What Keeps Matthew Bishop Up At Night?
Matthew Bishop is American Business Editor and New York Bureau Chief for The Economist. Philanthrocapitalism, his 2008 book (with Michael Green) on the business of philanthropy was described as "terrific" by the New York Times, and called "the definitive guide to a new generation of philanthropists who understand innovation and risk-taking and who will play a crucial part in solving the biggest problems facing the world," by New York Mayor Michael Bloomberg.
"Economics A to Z", the official Economist layperson's guide to economics, was published in 2009. He is now writing a book about the current economic crisis, and what must be done to improve how capitalism works. He was previously The Economist's London-based Business Editor. Matthew is the author of several Economist special survey supplements, including "The Business of Giving", which looks at the industrial revolution taking place in philanthropy; "Kings of Capitalism", an influential analysis of the private-equity industry; and "Capitalism and its Troubles", an examination of the impact of problems such as the collapse of Enron in 2002 which highlighted many of the flaws in the system that led to the current crisis.
Before joining The Economist, Matthew was on the faculty of London Business School, where he co-authored three books for Oxford University Press. He has served as a member of the Sykes Commission on the investment system in the 21st Century. He was also on the Advisors Group of the United Nations International Year of Microcredit 2005. He has been honored as a Young Global Leader by the World Economic Forum. He is a graduate of Oxford University.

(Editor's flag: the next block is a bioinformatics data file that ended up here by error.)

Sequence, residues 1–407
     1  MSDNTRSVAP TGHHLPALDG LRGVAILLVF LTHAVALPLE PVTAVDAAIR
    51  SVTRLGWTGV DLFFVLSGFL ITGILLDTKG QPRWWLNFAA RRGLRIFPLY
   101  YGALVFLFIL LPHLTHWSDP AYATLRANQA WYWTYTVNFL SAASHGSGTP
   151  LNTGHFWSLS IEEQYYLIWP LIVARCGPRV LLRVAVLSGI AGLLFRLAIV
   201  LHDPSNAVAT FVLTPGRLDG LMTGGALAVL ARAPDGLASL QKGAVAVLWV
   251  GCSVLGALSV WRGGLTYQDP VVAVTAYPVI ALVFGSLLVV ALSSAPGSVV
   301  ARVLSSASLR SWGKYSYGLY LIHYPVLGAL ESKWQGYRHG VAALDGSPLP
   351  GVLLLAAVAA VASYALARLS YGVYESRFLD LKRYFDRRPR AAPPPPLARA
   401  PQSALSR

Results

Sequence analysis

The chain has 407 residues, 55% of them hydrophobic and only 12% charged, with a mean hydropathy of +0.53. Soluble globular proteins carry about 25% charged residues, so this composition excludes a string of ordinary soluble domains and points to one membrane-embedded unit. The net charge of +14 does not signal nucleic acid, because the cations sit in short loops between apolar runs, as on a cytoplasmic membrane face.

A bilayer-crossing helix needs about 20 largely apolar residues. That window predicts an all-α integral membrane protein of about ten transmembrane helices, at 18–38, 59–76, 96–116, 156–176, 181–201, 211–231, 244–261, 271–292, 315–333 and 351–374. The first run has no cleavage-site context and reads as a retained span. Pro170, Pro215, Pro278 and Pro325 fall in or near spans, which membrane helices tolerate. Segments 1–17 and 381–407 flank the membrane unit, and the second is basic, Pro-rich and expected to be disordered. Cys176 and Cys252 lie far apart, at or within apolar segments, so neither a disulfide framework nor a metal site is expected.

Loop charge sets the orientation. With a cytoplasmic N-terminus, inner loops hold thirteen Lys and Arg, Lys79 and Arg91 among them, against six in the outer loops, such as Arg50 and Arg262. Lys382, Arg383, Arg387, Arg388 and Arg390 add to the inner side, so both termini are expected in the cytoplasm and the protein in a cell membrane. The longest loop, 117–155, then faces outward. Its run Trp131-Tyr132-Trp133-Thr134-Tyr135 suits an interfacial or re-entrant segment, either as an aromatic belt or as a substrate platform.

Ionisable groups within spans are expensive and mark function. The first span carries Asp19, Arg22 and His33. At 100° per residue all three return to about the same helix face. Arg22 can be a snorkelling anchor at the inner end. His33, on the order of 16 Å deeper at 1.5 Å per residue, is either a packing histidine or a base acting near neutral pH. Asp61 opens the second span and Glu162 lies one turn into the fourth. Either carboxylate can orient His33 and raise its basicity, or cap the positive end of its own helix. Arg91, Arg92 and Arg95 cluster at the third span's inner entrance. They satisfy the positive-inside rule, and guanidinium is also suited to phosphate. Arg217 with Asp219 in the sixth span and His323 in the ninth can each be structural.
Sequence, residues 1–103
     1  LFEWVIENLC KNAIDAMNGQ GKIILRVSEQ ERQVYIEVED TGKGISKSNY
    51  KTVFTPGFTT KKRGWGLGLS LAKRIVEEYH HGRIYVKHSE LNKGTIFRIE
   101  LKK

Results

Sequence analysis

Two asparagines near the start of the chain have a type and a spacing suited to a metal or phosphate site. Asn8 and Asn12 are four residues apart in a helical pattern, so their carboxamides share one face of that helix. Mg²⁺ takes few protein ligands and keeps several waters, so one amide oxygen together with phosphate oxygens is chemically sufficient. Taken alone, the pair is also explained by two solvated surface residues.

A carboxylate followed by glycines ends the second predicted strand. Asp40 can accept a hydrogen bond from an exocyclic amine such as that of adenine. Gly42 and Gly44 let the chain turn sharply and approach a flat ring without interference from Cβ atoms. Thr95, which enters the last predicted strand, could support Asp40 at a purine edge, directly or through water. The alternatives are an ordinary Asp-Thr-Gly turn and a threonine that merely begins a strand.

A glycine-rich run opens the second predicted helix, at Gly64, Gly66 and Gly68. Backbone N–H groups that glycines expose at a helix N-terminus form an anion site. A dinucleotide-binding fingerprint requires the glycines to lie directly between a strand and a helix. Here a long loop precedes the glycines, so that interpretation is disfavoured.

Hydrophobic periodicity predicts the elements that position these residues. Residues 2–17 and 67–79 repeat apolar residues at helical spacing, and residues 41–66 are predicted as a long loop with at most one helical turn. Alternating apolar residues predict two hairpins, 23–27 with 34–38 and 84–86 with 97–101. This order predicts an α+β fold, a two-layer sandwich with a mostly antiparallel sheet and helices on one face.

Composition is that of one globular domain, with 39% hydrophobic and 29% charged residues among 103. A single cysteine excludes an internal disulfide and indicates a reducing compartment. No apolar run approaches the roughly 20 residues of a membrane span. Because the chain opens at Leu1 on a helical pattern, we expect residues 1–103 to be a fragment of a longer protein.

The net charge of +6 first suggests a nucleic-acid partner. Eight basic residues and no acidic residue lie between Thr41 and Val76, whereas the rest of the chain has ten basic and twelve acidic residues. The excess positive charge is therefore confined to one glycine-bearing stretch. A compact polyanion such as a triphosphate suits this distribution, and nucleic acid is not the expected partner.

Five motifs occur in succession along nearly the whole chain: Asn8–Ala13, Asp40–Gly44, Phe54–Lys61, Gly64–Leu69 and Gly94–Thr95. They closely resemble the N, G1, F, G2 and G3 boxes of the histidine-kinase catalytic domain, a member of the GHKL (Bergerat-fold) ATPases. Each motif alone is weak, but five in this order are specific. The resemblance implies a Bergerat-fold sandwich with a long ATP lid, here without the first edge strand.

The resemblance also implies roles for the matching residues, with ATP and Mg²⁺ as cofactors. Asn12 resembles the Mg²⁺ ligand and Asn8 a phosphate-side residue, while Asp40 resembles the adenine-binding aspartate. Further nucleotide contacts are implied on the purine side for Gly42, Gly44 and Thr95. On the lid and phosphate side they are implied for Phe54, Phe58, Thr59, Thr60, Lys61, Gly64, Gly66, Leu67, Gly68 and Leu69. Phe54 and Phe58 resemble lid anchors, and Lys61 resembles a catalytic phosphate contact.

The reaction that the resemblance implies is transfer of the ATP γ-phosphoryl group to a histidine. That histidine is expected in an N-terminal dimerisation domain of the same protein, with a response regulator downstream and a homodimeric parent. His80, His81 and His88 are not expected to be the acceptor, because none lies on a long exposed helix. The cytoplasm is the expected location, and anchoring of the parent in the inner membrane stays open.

Question: What keeps you up at night?
Matthew Bishop: I honestly – what keeps me up at night is probably the two or three nights a week when I am finding I have to write very late. I kind of have this essay crisis approach to my journalism that I – we have a deadline once a week at the Economist and that pieces have to be filed on a, to be ready for London on a Wednesday mornisng. So I am often still writing at 4:00 in the morning and that’s a weekly cycle. It probably means the rest of the week I’m so tired that nothing can keep me up at night.
Recorded on: September 24, 2009
Matthew Bishop stays up at night covering late-breaking stories for work.
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